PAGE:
The Chicago parking meter deal
In 2008, Mayor Richard Daley agreed to lease Chicago’s parking meters to a group of investors including Morgan Stanley and Abu Dhabi’s sovereign wealth fund. In exchange for paying the city $1.16 billion, they got control of city parking meters for 75 years. By the end of 2019, investors had already brought in $1.6 billion in revenue, nearly $500 million more than they’d paid for the lease, the Chicago Sun-Times reported.
The investors were able to bring in so much revenue because the deal required the city to increase parking fees by between 200 and 800 percent. The lease agreement also forces the city to pay Chicago Parking Meters LLC, the investors’ consortium, when things like parades and street fairs limit parking. Chicago is stuck with this arrangement until 2083.
Water systems in Bayonne, New Jersey, and Middletown, Pennsylvania
In 2012, private equity giant KKR purchased a 90 percent stake in a joint venture with another company, Suez Environnement, to run the water and wastewater systems in Bayonne, New Jersey. Two years later, the companies inked a similar joint deal to operate the water system in Middletown, Pennsylvania—paying millions to each city for a lease on their water systems and promising to update their aging infrastructure.
Soon, the newly privatized water systems in both places led to enormous rate hikes and public ire. The New Jersey venture guaranteed the investors a profit of more than half a billion dollars over the 40-year life of the deal—amounting to an 11 percent annual return. To achieve these large gains, the private companies started hiking Bayonne residents’ water rates almost every year—8.5 percent the year the deal was signed, then another 4 percent, then 13.25 percent, 3.5 percent, and 4.5 percent. By 2019, water rates had gone up by more than half.
In Pennsylvania, the borough of Middletown grew so weary of the surcharges imposed by the deal to make up for lagging water sales that it sued Suez. But the town lost the suit, after a judge found that the contract allowed for this rate hike as a way for the company to recoup costs.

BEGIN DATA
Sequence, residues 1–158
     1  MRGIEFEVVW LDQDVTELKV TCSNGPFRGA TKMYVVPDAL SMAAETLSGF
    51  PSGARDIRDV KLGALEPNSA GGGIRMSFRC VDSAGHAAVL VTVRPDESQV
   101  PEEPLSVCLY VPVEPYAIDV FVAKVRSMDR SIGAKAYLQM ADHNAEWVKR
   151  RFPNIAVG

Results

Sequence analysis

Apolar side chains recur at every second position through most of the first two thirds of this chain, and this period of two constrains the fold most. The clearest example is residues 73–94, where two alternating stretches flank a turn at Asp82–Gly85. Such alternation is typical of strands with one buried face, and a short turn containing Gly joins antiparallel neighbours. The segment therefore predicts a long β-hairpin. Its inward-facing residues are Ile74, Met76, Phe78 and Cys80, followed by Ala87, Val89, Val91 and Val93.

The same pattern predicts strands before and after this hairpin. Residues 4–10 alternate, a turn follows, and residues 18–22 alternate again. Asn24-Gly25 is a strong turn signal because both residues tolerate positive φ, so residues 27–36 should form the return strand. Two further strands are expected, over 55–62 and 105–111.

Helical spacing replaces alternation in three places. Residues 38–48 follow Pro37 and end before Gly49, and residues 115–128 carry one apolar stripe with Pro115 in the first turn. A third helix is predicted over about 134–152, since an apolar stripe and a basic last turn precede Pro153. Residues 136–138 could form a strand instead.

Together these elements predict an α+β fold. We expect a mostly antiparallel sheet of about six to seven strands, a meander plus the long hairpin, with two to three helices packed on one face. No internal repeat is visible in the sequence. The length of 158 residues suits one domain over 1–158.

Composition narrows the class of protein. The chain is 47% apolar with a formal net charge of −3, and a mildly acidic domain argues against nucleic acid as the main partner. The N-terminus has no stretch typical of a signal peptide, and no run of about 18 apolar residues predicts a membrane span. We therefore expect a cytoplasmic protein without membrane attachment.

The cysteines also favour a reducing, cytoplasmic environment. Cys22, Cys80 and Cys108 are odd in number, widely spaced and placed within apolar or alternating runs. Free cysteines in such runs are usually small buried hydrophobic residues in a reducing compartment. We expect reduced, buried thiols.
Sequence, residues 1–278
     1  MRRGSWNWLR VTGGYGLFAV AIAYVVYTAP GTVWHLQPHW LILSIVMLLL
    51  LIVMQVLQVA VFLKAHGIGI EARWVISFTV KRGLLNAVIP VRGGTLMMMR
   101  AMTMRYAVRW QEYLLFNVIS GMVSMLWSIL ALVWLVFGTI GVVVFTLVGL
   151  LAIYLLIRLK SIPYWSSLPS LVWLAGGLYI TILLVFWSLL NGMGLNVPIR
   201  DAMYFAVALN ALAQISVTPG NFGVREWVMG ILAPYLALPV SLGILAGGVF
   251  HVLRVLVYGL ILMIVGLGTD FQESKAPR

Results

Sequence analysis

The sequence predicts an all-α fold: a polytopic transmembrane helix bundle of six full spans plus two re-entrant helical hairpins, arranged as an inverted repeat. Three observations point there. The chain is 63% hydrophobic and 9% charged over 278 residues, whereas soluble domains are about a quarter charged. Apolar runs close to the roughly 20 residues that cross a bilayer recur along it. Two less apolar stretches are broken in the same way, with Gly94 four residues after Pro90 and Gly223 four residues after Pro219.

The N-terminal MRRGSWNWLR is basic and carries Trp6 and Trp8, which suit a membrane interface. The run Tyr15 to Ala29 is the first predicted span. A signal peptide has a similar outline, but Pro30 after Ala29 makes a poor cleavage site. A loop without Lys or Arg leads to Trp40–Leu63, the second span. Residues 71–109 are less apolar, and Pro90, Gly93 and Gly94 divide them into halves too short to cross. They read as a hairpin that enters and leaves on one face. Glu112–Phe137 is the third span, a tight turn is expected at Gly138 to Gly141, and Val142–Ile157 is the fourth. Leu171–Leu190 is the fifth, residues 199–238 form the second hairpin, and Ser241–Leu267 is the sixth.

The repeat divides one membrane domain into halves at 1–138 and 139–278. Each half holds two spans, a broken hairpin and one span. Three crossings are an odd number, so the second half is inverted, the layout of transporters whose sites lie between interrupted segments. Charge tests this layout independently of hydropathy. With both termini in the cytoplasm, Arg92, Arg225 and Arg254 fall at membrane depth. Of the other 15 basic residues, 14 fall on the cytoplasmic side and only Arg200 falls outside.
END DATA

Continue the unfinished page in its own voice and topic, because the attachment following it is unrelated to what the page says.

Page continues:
Missoula, Montana’s water system
In 2011, Washington, DC-based private equity firm Carlyle Group purchased the water system in Missoula, Montana, for $102 million. Though Carlyle is a large global investment firm, this was its first-ever purchase of a water utility.
The city sold the system to Carlyle under an agreement that left open the possibility for the city to buy the system back in a few years. When the city attempted to exercise this option in 2013, Carlyle refused to sell, instead asking for a water rate increase that would net the investment firm an extra half million in revenue, annually.
In 2014, the city of Missoula filed a lawsuit against Carlyle to take back its water system under eminent domain laws. The suit—which the city ultimately won—claimed that the company had made false promises to the city in order to buy its water system and had then used the water utility to enrich itself, at the expense of maintenance to the system.
Indiana’s I-69 highway
Before he became Trump’s vice president, Mike Pence—then Indiana’s governor—signed off on a 2014 partnership between his state and a European infrastructure investment firm that sounded ideal: a public-private effort to extend and update an Indiana highway, and to do it under budget and ahead of schedule.
Three weeks after the deal was inked, nine of the company’s officials were arrested, on charges that they had embezzled funds from a different private-public project, a high-speed rail expansion in Spain. Over the next two years, the company was forced off of projects in at least three countries. By 2017, the Indiana highway was two years behind schedule, with almost half of the road yet to be built. Traffic accidents and commute times on the incomplete highway had increased. Eventually, the state of Indiana took back control of the project and had to take on debt to finance its completion.